Meaningful effort to avoid another second-wave like disaster will need vaccination to go on an overdrive.
Eight months after India kicked off its Covid-19 vaccination effort, it has managed to administer 60.4 crore vaccine-doses, of which13.7 crore are second-doses. The pace of inoculation has picked up now, reaching 52.16 lakh/day in August from 29.96 lakh in April (it had dipped to 19.69 lakh in May). However, as has been obvious for some time, the vaccination effort needs to be a lot more concerted. For instance, while 50% of the above-18-years population has received a single dose of the vaccine, only 15% has received the second dose.
Given the stipulated gaps between the two doses of vaccines, this suggests the momentum for this group of vaccine-recipients hasn’t been anything to write home about. Vaccine supply/demand issues have also plagued coverage. Meanwhile, even though the overall test positivity rate (TPR) for the country remains low, 41 districts in the country have a TPR higher than 10%—Kerala, which reported a TPR of 18% on Thursday morning, accounted for 58% of the country’s new cases over the past seven days.
The health ministry has reminded that vaccines are “disease-modifying” (mitigating) and not disease-preventing while cautioning that September and October will be crucial for management of the pandemic because of the festival calendar. Against such a backdrop, several states moving on reopening of schools—the Centre has called on states to vaccinate school personnel urgently—poses a tough challenge.
National Technical Advisory Group on Immunization (NTAGI) chair NK Arora has said that a phased reopening of schools will depend on vaccinating adults that are expected to come into contact with the students. Experts in the US, which is seeing a record number of children get infected, and hospitalised, believe school-reopening could exacerbate the problem. This is not to say that we shouldn’t reopen schools—indeed, the deepening digital divide between the haves and have-nots clouds the future of millions of students from poor families. However, with a vaccine for children aged 12-17 years expected only by December, states can’t afford to drop the guard in the slightest measure.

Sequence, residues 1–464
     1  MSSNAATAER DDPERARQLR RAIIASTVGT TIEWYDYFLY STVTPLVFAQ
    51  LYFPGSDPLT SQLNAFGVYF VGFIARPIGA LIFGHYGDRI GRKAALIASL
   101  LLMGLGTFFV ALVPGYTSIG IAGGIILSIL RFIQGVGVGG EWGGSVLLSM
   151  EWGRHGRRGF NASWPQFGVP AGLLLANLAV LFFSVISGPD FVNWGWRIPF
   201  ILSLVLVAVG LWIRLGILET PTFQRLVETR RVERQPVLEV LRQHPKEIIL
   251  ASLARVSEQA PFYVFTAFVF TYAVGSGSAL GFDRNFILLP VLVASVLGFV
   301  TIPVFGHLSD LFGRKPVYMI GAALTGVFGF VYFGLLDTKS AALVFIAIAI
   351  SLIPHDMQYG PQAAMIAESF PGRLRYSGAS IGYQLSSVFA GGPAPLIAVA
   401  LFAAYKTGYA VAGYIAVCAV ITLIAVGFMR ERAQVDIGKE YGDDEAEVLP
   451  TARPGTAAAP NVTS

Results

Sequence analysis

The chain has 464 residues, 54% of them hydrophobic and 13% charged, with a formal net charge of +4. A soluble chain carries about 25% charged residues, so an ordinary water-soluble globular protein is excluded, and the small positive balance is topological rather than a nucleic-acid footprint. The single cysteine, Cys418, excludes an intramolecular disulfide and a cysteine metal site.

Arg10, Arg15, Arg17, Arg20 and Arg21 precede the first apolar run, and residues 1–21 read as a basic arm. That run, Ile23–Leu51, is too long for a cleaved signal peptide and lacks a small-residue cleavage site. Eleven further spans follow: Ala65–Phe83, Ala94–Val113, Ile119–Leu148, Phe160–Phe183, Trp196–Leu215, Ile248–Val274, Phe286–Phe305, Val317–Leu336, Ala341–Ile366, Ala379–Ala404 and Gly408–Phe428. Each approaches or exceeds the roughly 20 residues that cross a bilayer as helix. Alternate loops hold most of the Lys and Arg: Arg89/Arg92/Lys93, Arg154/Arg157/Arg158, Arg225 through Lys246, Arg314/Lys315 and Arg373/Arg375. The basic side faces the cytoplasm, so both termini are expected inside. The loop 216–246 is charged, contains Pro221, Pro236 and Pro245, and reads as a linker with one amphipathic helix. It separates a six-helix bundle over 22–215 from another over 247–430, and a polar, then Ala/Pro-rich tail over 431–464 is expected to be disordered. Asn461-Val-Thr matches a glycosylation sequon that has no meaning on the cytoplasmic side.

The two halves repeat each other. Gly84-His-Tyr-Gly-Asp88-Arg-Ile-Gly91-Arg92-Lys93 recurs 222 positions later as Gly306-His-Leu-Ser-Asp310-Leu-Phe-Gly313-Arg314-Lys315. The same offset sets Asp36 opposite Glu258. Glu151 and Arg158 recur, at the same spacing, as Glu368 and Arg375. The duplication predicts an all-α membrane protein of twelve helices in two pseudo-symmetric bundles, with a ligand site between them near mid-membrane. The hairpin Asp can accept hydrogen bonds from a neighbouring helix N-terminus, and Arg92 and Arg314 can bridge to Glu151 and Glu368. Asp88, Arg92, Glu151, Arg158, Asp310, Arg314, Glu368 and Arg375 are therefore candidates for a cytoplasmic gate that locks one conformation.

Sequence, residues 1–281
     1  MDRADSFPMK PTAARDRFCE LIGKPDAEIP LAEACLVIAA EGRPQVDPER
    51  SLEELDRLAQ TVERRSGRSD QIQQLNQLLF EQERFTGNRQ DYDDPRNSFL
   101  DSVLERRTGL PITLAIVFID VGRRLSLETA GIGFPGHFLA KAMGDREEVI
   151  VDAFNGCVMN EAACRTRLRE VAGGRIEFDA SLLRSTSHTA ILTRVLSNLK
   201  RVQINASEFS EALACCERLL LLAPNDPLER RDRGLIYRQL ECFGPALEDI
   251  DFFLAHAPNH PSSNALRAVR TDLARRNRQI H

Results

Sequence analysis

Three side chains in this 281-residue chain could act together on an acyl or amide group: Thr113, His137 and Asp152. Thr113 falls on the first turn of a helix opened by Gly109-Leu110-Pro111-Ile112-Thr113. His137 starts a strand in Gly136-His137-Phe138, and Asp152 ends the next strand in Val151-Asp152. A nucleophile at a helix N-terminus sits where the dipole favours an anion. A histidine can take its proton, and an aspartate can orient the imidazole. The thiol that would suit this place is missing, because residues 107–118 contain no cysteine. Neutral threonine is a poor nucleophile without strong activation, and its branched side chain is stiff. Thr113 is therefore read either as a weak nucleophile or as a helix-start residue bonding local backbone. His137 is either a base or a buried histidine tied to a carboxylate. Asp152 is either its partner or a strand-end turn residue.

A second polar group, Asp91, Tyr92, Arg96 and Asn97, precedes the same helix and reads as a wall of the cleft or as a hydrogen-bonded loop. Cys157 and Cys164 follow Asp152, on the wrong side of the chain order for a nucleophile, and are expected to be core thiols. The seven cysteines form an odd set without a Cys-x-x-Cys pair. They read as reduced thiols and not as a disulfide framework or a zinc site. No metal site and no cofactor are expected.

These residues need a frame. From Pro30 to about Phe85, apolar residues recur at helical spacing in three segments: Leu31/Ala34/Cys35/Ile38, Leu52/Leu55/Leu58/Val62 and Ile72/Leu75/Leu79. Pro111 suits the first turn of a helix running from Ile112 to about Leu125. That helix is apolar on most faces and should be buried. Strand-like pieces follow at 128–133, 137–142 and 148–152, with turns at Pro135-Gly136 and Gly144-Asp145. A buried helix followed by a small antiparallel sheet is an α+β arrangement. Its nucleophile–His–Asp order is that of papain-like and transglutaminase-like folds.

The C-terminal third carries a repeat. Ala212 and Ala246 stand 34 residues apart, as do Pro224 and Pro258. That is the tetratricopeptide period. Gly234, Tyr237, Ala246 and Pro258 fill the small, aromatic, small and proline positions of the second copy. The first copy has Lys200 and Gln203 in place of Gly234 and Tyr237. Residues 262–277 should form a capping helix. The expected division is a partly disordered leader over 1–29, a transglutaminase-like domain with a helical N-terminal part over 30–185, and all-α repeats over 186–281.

Meaningful effort to avoid another second-wave like disaster will need vaccination to go on an overdrive. While Arora told the media on Thursday that there is no proposal to change the dose interval for Covishield, Covaxin or Sputnik V at present, the government must lean on vaccine-manufacturers to step up production. As an analysis by howindialives.com shows, vaccine-supply, despite the recent momentum, needs to be beefed up significantly for India to meet its vaccination coverage targets for the year. Both Serum Institute of India (manufacturing Covishield) and Bharat Biotech (manufacturing Covaxin) have raised production, but Bharat Biotech will need to pull up its socks—Covishield supplies went up from 49 million in May to 100 million a month now, and Covaxin supplies went up from 9 million a month to 15 million.
The NTAGI chairman sounded optimistic about vaccine exports from India in 2022, but, for that, the domestic goals for 2021 need to be met and that hinges on vastly improved vaccine supply. That said, the people will have to observe Covid-appropriate behaviour; Kerala’s case, post Id and post Onam, shows the blow that complacency by people and the authorities yielding to populist compulsions can inflict.